One day in the summer of 1925, Tom White—the special agent in charge of the Bureau of Investigation’s field office in Houston—receives an urgent summons from headquarters in Washington, D.C. J. Edgar Hoover, the new man in charge of the bureau, orders White to come to Washington to meet in person. Hoover demands a certain level of hegemony and professionalism from the agents who work under him, and White, bidding farewell to his wife and children, packs his things and heads out on his way quickly.
The narrative switches focus to tell the story of how Tom White is assigned to take charge of the Osage “Reign of Terror.” Grann will use this section of the book to show how the Osage murders were directly connected to the formation of the FBI as we know it today—and responsible for the way the American public sees, or rather doesn’t see, the incident presently.
White, an “old-style” lawman and a former Texas Ranger, stands six-foot-four and is often dressed like a cowboy. He joined the Bureau of Investigation in 1917, after being barred from fighting in World War I due to a recent surgery. Now, not yet forty, White is part of a “tribe of old frontier lawmen”—a tribe which is vanishing, leaving White in danger of “becoming a relic in a Wild West traveling show.”
Though wild-West lawlessness still reigns in Oklahoma, out East, things are changing—and the way policework and federal investigations happen is making men like Tom White into “relic[s]” of a bygone era of grit and gunslinging.
White, primarily a fact-gatherer, has no formal training as a law-enforcement officer, and little experience with cutting-edge scientific methods such as fingerprinting. Nonetheless, White has made a good lawman due to his measured temper and morals—he believes there is a thin line between a good man and a bad one.
White is a complicated character. Though part of the old guard of the West, he has a strict moral code and a past which has made him predisposed to chasing justice at any cost.
In 1924, the attorney general of the United States selected J. Edgar Hoover, the twenty-nine-year-old deputy director of the bureau, to serve as acting director amidst a climate of scandal and disgrace. Hoover had no experience as a detective—he had never been in a shoot-out or made an arrest—and was more a “creature of the bureaucracy” who dealt in gossip, “unspoken deals,” and “bloodless but vicious territorial wars.” Hoover set to work making the bureau into a modern force, booting out incompetent or crooked agents and requiring new agents to have legal and accounting training. By the end of the year, Hoover was given the position permanently—during his five-year tenure, he would go on to form the bureau into a “monolithic force” that would both combat crime and “commit egregious abuses of power” as it attempted to cover up the scandals of its past, present, and future.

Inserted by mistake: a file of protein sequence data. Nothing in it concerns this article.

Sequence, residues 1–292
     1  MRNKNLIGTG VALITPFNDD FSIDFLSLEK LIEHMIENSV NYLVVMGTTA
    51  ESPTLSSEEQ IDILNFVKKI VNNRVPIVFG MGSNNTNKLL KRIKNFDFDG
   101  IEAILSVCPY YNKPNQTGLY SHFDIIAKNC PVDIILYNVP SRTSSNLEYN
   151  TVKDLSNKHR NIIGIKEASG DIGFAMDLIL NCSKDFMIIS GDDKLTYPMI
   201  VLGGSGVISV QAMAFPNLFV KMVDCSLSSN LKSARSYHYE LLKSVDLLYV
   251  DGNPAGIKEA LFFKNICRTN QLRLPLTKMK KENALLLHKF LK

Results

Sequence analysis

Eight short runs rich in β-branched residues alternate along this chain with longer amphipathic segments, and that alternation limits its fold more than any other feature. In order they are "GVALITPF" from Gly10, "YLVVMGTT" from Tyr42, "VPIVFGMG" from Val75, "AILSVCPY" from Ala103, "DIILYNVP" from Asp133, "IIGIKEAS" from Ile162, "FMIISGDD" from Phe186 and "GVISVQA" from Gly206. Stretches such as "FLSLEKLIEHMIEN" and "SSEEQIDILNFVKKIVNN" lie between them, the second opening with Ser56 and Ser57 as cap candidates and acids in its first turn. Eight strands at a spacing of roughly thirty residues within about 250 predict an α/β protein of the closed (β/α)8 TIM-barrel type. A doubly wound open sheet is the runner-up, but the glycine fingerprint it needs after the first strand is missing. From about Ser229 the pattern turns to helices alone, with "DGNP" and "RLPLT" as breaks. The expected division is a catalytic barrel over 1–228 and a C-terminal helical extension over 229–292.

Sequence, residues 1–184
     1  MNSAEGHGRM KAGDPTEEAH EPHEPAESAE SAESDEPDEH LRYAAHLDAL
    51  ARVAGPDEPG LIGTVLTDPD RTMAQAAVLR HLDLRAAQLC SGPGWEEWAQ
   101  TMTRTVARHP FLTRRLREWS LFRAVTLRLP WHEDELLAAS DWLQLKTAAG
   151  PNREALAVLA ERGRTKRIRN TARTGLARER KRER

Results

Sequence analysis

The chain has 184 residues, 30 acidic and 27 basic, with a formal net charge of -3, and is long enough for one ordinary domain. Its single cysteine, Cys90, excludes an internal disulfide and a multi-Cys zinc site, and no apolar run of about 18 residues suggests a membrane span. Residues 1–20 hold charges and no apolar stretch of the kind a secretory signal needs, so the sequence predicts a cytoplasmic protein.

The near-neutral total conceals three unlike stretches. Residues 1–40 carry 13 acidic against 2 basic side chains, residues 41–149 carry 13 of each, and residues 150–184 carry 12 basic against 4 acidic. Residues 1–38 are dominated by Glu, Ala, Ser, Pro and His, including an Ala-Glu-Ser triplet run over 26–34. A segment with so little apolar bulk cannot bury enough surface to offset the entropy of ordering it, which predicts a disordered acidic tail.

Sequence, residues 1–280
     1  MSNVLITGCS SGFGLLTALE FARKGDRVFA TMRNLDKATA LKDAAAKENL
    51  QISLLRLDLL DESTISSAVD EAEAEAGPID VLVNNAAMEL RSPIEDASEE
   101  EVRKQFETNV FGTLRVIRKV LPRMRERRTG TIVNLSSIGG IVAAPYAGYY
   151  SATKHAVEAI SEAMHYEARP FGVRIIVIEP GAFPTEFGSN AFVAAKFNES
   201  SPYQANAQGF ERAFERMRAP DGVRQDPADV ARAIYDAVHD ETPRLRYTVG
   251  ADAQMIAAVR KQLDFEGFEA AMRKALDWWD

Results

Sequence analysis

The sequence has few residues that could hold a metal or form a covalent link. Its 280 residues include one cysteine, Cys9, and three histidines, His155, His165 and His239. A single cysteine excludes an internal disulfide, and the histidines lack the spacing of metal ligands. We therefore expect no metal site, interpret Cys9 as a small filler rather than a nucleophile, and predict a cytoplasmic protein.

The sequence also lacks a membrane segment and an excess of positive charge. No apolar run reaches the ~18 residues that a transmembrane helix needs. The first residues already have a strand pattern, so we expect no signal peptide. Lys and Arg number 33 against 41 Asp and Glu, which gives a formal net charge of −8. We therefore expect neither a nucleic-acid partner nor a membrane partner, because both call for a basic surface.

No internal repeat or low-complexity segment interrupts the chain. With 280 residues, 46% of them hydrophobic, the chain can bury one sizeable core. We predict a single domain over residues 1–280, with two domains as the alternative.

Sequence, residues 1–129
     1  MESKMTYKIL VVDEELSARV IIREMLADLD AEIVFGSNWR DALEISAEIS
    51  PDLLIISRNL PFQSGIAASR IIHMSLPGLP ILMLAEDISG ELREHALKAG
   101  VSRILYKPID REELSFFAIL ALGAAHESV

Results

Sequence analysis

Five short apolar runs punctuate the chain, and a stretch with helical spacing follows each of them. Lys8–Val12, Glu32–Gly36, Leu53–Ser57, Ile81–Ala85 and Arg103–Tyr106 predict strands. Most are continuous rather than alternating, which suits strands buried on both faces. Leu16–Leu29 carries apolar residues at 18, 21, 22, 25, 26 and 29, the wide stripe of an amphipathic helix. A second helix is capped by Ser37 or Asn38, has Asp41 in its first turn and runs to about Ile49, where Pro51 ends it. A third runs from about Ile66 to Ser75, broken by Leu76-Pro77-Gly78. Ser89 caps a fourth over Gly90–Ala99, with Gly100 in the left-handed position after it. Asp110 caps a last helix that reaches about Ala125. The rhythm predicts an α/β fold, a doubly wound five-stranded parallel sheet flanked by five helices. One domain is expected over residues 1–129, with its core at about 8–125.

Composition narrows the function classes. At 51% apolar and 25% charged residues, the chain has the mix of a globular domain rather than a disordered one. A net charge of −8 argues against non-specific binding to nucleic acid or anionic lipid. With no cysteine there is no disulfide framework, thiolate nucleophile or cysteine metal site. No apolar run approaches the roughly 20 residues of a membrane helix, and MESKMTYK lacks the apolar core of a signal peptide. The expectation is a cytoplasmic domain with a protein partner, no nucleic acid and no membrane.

The bureau’s fledgling years have been spent mired in scandal—and Hoover is determined to quell and quiet things by any means necessary. This passage makes it clear that Hoover is looking for someone who can do a job and do it well—so that Hoover can sit back, relax, and take credit as the agents he has hired rehabilitate the bureau’s image from the ground up.
As White arrives at headquarters, he takes note of the new “breed” of agents—college boys who “type faster than they [shoot]” and are mocked, by old-timers, as “Boy Scouts.” Upon entering Hoover’s office, White looms over the director—a man of “modest stature,” so insecure about his height that he rarely promoted any tall agents to headquarters—and listens as Hoover describes the “sensational case” of the Osage murders.
White seems like a fish out of water in Hoover’s bureau—the place is changing, and is starting to reflect a different kind of masculinity (and a different kind of protocol) than White is used to.
In the spring of 1923, the bureau’s former director dispatched an agent to Osage County to investigate—after being there a few weeks, the agent concluded in his report that “any continued investigation [would be] useless.” The bureau sent more agents, but none were able to make any headway. After a disastrous snafu in which the notorious outlaw Blackie Thompson was released to work undercover for the bureau’s investigation—and subsequently escaped into the Osage Hills, robbed a bank, and killed a police officer—Hoover is now desperate to quell rumors of the bureau’s role in the Thompson affair, and exonerate the bureau from being blamed for the failure of the larger investigation, or for internal corruption.
There is even more at stake in the Osage case than there seemed to be—Hoover has already had to contain several small fires, and now needs someone solid and measured like White to take control, restore order, and swiftly, quietly bring the case to a close. This pattern of the bureau seeking to cover up its mistakes will have devastating implications as Grann’s book, and his own investigations of the fledgling FBI’s practices, continue to unfold.
Hoover asks White—a veritable “cowboy” familiar with the wild ways of the west—to direct the investigation of the Osage murders. White agrees. Hoover orders White to set out for Oklahoma City and take command of the field office there. White knows the stakes—if he fails, he will certainly be banished to a distant outpost or edged out of the bureau entirely, and, what’s more, several men who have tried to catch the killers have themselves been killed—but nonetheless agrees to undertake the job.
There is a lot on the line as White considers whether he should take the job—and yet he agrees to it, knowing that there is more to gain than there is to lose.